- While some improvement has taken place since 2005, Hudson has been facing a concern regarding the ability to repay its long-term general debt. Bonding off some enterprise funds could help improve this ratio.
- Compared to cities of similar size, Hudson has been less likely to be able to pay its debt service requirements when due.
Hudson’s property tax revenue stream’s overall growth trend is building more rapidly than cities of commensurate size. This trend has been toward residential properties representing a greater share of total property in most municipalities. This is most likely the case in Hudson, which among the fastest growing areas in the state.
The recent housing crash could be a concern for Hudson, since it budgets more revenue from property taxes than other cities of commensurate size. According to Byron Lutz, “Institutional features of the property tax make it unlikely that changes in house prices will immediately influence tax revenues. The results suggest that the elasticity eventually equals 0.4 and that it takes three years for house price changes to impact tax revenues.” If this is the case, it will be likely that Hudson will see a decrease in its property tax revenues in the coming years.
It seems that Hudson will most likely continue to rely on property taxes as its major source of revenue for the time being. Ratio 1 suggests that, compared to other cities of similar size, Hudson’s potential to raise revenues has been low. Hudson should look to increase revenues from own sources. However, an increase of transfers coming in from enterprise funds for the general operating fund could put Hudson’s bond rating at risk.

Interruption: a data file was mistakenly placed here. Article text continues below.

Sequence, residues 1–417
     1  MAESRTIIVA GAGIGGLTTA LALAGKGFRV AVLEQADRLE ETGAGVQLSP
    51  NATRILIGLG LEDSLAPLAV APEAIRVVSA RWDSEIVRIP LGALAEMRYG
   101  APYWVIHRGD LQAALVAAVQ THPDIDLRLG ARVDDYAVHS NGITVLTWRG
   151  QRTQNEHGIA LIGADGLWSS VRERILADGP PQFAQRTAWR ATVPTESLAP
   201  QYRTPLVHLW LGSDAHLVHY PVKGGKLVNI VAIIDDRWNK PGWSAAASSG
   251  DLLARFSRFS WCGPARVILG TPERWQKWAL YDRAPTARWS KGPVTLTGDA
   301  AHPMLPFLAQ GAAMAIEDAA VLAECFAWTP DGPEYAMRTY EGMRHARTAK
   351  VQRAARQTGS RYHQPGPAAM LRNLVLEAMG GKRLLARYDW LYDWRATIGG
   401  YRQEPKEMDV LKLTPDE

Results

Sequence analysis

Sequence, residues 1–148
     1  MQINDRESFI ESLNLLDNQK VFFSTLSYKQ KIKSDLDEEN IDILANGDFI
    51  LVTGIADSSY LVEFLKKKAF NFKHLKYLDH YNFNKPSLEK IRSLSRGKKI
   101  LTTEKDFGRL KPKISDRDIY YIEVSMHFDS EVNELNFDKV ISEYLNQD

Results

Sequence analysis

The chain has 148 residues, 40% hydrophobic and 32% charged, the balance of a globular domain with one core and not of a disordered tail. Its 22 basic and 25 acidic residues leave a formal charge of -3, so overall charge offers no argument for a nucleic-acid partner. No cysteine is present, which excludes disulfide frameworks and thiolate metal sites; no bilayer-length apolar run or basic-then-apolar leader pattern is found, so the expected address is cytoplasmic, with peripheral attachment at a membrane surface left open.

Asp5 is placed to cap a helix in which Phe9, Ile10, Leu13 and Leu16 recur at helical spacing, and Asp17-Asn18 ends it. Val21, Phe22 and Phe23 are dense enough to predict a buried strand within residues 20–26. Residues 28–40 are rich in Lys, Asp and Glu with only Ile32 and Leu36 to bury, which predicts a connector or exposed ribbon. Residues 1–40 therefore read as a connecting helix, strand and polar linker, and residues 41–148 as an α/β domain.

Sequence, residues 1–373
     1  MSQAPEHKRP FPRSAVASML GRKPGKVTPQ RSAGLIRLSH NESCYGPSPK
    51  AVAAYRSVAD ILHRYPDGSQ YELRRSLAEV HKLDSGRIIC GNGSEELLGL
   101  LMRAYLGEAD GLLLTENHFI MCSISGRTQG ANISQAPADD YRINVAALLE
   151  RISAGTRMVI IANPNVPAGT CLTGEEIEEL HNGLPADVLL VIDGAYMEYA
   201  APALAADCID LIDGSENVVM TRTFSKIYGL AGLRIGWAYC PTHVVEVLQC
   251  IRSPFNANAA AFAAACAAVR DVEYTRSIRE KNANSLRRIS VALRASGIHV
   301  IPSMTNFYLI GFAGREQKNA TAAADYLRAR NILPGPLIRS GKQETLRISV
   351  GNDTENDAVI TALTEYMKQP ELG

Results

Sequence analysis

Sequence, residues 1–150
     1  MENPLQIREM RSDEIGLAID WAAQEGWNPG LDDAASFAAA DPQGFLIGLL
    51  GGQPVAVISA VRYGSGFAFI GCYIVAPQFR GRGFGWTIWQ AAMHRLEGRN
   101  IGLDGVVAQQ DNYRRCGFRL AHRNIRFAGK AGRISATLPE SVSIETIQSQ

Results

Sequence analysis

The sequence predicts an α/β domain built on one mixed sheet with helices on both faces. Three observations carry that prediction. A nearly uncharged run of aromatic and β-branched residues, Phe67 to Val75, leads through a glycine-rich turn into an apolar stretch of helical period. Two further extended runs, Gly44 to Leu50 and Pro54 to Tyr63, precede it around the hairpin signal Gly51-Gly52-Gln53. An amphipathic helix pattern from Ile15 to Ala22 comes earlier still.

Minnesota’s sales tax has just increased in Hennepin and Ramsey County (among others) to 7.125%. Wisconsin has a sales tax of 5 percent. St. Croix County has an additional sales tax of 0.5 percent. Being situated just minutes away from the Twin Cities, Hudson should continue to investigate methods for taking advantage of its proximity to the Twin Cities to generate sales tax revenues.
Hudson’s expenditures for law enforcement have been higher than cities of commensurate size, and Hudson has devoted a significant portion of expenditures to Parks and Recreation over the past ten years. Hudson’s expenditures in the general fund have not been balanced with equivalent revenues. At this point, Hudson’s infrastructure may need to be maintained more adequately in order not to neglect its capital.
Hudson has enjoyed a good bond rating, and has the ability to borrow. It should be noted that in Wisconsin long-term debt may not exceed 5% of the equalized property value of the jurisdiction’s taxable property, and Hudson’s applicable debt at the close of 2006 was only 12% of that maximum legal limit.
However, Brown’s ratios indicate that Hudson may not be able to service the debt in the long run if the current debt structure trend continues. Perhaps by regularly reporting on the city’s position relative to the debt issuance guidelines, management could help the city monitor debt and provide opportunities for further analysis and discussion of debt.
*It should be noted that Brown does not evaluate enterprise funds in his model, focusing specifically on governmental funds. In Brown’s defense, governmental funds pay for about 90% of operating funds, and policy-makers spend more time looking at operating funds and less time at enterprise funds, generally speaking.